August 23rd, 2012 1 Comments

A Facebook Post that Almost Shut a Business Down


No Facebook

Over the last couple of weeks, a number of social media ‘fail’ stories have been flying around the internet.  We read and laughed at Mashable’s “18 Social Media Slip-Ups That Will Get You Fired”, it was so hilarious we even posted it to our Facebook wall, but there was one incident that has been seemingly overlooked. It is about a Facebook post by a very upset customer on the wall of a U.S based bridal retail chain: David Bridal’s.

The post, written by Mikki Lawless on July 24th, details how she went to a David’s Bridal shop in Sioux Falls, South Dakota to buy a wedding dress. As she said, “When I first walked in there was a young lady eager to help me. After picking out a few dresses I was taken to the dressing room to try a few of my favorite styles on. Being as my soon to be husband is a tattoo artist I am heavily tattooed on my back. When helping me into one of the dresses the sales woman noticed I was tattooed. After that she said she was needed at the front desk and someone else would be helping me. To my surprise I had got no assistance at all!” Lawless then left the store in tears.

Screen Shot of David's Bridal Facebook Page

Screen Shot of David’s Bridal Facebook Page


Cusomer's Post on David Bridal's Wall

Cusomer’s Post on David Bridal’s Wall

Her Facebook post received over 150,000 likes and 11,000 comments, expressing similar experiences at other shop locations. It also started a wave of thousands of other similar posts on David’s Bridal’s Facebook page complaining about terrible customer service. As the company failed to respond to the complaints, it triggered a discourse encouraging other brides-to-be to shop for dresses elsewhere and encouraged a boycott of this previously popular place to shop for wedding dresses.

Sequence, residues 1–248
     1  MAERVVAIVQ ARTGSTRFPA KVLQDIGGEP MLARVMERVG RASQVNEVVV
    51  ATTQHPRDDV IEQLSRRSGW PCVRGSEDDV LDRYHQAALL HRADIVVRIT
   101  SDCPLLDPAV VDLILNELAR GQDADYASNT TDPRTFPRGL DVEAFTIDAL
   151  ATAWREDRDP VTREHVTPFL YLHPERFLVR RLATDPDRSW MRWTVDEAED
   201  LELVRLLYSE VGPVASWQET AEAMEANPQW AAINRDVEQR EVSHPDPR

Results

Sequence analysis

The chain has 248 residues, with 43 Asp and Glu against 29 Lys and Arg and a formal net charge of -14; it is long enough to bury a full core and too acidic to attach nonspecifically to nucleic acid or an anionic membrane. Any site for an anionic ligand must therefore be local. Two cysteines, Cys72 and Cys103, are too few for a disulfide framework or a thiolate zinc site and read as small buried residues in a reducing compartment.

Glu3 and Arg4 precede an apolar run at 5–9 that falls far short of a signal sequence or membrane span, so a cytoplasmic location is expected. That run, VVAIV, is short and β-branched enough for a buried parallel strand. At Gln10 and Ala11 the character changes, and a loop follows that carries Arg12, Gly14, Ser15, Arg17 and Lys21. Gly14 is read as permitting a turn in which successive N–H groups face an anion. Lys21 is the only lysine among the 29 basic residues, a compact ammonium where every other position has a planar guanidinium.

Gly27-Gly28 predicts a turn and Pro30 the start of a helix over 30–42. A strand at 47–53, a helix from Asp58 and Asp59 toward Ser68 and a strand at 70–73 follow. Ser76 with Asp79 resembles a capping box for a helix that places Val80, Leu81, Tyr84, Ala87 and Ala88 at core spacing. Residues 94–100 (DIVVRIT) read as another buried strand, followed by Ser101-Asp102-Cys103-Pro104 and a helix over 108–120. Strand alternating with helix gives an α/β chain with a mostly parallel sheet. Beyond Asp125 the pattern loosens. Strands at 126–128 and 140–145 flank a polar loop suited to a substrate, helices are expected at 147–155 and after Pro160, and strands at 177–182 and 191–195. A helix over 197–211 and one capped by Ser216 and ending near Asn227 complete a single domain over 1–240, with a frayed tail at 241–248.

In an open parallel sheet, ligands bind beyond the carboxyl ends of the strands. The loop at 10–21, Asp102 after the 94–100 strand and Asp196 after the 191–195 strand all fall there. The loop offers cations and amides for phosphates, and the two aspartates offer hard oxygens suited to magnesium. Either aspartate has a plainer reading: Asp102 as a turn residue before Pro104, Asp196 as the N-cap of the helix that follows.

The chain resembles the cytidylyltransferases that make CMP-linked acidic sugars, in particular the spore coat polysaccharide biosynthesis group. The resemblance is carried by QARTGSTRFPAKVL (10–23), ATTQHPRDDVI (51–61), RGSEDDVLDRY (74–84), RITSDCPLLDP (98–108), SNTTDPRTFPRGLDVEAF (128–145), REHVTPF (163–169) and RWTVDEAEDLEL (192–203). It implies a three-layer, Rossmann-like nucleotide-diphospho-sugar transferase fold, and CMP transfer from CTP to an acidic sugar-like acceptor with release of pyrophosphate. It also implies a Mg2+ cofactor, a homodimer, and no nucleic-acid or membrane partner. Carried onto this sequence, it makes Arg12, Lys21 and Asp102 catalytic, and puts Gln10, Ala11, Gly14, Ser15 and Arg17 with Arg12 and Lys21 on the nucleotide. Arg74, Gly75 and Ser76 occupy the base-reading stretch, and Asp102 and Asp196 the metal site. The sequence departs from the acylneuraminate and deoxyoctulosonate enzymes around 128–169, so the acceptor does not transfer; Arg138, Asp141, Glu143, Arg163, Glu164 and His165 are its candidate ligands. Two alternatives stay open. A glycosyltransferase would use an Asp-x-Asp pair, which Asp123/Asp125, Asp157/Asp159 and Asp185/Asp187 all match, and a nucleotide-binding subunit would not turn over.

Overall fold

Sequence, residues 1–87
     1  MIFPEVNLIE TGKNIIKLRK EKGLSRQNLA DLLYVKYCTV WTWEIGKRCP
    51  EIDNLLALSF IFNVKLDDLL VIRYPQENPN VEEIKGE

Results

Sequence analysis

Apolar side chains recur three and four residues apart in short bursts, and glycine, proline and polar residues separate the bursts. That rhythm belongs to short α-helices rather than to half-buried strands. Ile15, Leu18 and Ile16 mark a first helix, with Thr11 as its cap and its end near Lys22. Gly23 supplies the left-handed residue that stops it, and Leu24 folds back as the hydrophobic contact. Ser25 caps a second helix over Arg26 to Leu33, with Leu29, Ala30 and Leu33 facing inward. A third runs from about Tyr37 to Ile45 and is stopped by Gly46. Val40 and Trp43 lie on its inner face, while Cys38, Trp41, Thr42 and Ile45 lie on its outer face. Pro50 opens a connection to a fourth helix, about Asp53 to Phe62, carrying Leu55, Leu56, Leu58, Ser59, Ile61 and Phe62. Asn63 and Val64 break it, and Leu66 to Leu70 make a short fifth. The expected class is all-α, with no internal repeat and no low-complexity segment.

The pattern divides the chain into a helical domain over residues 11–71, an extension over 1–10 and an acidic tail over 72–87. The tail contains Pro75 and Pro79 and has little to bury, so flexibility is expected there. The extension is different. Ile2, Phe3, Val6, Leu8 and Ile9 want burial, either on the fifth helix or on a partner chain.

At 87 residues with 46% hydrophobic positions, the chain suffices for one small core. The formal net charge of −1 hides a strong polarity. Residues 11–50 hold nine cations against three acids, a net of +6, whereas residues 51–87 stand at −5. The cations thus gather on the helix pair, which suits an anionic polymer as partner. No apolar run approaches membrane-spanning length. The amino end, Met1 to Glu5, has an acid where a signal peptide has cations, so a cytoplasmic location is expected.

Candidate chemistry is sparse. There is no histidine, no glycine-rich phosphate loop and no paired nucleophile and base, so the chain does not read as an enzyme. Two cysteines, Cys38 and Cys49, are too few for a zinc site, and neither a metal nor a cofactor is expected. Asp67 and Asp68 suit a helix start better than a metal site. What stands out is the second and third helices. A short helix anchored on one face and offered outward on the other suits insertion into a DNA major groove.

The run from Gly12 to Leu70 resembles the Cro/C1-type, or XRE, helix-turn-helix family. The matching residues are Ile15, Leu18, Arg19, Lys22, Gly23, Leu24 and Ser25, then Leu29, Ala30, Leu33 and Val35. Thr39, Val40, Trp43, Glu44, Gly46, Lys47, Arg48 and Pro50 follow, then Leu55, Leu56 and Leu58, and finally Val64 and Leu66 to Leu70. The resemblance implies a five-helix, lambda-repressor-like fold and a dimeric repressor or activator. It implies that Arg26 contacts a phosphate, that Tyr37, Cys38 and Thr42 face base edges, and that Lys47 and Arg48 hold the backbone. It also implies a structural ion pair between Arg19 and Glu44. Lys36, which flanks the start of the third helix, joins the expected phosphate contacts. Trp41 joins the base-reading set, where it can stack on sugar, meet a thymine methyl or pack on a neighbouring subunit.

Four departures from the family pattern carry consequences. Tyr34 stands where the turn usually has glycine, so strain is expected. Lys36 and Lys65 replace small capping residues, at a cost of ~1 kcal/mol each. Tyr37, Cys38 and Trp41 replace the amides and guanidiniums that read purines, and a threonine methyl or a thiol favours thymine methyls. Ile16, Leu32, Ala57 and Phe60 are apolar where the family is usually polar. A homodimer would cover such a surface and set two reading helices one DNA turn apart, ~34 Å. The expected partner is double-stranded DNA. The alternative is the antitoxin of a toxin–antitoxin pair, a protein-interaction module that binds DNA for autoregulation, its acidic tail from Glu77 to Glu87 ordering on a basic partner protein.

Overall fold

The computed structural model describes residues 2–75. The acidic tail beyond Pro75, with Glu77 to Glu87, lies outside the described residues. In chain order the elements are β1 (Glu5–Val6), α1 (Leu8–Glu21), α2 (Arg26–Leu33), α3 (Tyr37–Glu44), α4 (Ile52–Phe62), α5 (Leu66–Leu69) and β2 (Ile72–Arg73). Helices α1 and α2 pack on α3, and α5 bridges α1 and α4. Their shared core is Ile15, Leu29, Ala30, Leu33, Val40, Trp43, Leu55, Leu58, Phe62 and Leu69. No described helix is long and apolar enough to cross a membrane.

The company responded eventually with a post pinned to the top of their page, ensuring it wouldn’t get pushed down by new complaints that they are in the process of an internal review regarding Ms. Lawless case. Surprisingly, there was no public apology to Lawless or any other customers who complained about similar experiences following her initial post. David’s Bridal seemed clueless about its reputation and potential future success for the business is questionable.

David's Bridal Response

David’s Bridal Late Response

David's Bridal Post With A Picture A Tattooed Bride

David’s Bridal Post With A Picture A Tattooed Bride


Social media disasters like this one could get you out of the game, especially if you are local business; therefore they need to be handled very quickly and carefully. No matter how brilliant your online reputation management strategy is, just one case of bad customer service can ruin it. The essence is to utilise all online channels to enhance your reputation and manage what people associate your business with. In David’s Bridal case, preventing users from posting on their Facebook page would have saved them a lot of trouble.

Have a look at the infographic below. It reveals some interesting stats, showing how your business can benefit or suffer from social media.


Credit To: LiveOps

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  1. Josh Holloway10/09/12 @ 06:10 pm

    Sensationalist blog title is sensationalist.

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